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Flashback Fridays: An End to the Second Great War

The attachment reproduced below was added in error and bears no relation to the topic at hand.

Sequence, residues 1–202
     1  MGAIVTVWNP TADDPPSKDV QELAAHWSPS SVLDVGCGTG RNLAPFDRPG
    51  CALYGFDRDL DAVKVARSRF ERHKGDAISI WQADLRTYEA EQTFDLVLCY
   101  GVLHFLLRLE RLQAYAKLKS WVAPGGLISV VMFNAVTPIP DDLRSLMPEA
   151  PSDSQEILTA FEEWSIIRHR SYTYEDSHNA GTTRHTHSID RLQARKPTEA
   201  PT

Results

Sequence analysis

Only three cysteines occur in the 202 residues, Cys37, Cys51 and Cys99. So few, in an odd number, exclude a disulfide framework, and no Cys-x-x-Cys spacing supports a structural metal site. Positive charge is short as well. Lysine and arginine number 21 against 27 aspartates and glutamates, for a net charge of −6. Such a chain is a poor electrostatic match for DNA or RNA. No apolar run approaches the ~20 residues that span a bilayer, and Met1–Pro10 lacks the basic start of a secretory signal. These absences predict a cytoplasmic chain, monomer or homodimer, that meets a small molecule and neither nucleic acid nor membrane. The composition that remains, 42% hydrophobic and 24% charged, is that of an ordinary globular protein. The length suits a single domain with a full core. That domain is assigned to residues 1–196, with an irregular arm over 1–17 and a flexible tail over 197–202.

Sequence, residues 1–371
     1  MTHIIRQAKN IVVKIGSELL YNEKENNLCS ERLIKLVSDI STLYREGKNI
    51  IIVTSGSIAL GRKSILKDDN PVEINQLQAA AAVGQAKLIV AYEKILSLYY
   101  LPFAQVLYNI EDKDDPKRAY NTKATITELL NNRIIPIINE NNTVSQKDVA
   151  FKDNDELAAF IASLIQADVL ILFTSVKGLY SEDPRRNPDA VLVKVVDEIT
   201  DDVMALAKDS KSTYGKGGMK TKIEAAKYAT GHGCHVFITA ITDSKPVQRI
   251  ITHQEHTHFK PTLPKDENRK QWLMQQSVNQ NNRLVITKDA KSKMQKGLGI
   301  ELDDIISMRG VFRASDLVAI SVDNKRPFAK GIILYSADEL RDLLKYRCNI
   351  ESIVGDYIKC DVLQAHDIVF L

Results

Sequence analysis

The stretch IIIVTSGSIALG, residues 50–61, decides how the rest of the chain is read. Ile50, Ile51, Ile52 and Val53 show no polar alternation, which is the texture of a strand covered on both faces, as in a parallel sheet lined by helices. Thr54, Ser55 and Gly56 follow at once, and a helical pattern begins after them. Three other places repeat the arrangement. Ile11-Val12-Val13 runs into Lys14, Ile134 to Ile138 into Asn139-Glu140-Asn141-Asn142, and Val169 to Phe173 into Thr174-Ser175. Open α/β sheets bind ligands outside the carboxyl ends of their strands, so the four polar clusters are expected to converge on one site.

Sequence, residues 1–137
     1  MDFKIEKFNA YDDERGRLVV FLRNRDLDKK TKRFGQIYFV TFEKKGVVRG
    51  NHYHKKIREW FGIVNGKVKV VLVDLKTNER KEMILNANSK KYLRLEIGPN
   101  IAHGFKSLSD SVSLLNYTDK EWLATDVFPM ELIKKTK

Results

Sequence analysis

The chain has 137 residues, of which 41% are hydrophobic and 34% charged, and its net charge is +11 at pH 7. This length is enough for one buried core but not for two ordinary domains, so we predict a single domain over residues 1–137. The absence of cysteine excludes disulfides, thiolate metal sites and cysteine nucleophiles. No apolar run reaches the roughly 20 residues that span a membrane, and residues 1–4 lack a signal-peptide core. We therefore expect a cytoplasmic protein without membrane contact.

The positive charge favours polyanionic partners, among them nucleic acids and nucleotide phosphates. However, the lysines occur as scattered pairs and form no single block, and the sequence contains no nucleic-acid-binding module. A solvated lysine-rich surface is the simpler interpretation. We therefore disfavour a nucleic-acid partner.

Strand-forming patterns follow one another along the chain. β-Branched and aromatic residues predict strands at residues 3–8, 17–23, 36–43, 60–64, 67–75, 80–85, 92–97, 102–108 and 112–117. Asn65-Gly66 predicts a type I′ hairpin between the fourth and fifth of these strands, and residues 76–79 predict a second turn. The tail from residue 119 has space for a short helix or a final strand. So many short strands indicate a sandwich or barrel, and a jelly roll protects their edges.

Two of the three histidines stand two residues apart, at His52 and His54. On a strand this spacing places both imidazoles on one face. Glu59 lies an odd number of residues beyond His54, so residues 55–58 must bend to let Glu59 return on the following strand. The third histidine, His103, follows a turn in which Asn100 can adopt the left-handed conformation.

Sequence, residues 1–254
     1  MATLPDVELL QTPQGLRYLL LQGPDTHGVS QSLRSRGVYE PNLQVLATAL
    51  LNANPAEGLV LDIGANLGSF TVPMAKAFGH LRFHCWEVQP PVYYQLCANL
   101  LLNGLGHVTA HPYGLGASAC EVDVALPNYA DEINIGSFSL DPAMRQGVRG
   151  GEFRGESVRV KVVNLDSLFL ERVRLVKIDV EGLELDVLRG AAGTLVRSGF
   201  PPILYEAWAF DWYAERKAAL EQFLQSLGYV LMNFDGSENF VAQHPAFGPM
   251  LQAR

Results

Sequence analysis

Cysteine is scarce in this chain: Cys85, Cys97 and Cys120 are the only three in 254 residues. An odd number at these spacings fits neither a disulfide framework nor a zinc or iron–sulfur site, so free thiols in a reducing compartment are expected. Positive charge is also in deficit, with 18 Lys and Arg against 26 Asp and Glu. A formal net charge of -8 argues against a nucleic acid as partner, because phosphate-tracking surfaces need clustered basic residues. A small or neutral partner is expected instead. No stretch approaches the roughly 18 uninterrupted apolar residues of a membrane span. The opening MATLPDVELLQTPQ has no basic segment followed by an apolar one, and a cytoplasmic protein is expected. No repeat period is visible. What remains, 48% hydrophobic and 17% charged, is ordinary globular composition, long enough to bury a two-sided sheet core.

This weekend marks the 70th anniversary of the end of World War II.  Although the second Great War predates the history of Southwest Airlines, our home of Love Field played in an important role in supporting the efforts of the allied forces and the march to victory following the surrender of Japan on August 15, 1945. Love Field’s very name derives from early Army aviator Lt. Moss Lee Love, who was killed in a crash during the buildup to World War I.  Prior to the United States entering the second War, pilots from the Royal Air Force trained at Love Filed and other nearby airports in North Texas.  It offered much better weather for flying, and was also far enough removed from active combat to alleviate the fear of attack from German fighters and bombers.  The 5th Ferrying Group, with men and women from the civilian and military ranks, also established a home at Love Field to support the movement of aircraft from stateside factories to bases and fronts throughout the conflict. love field original terminal In honor of the 70th anniversary celebration of the end of World War II, Southwest Airlines has the privilege of flying Elinor Otto (pictured above), who is referred to as the longest working “Rosie the Riveter,” to San Diego to celebrate at the USS Midway Museum.  The name 'Rosies' were given to women who took on the thousands of jobs left, after men had departed for the war.  Elinor built airplanes for more than 50 years.  In November 2014, Ms. Otto was honored for her contributions to the military with the Lillian K. Keil award from the American Veterans Center.  Southwest Airlines is a proud community partner of the USS Midway Museum and we are honored to welcome Elinor Otto onboard. rosie-the-riveter-poster-s Here in Dallas, the Frontiers of Flight Museum (home to the Southwest Airlines Heart of our History exhibit) will also be paying tribute to the Rosies with their “Greatest Generation’s Greatest Day” event.  They will be attempting to set a Guinness World with the largest gathering of people dresses as Rosie.   It’s another way to celebrate those who served both at home and on the front lines, preserving many of the freedoms we cherish today.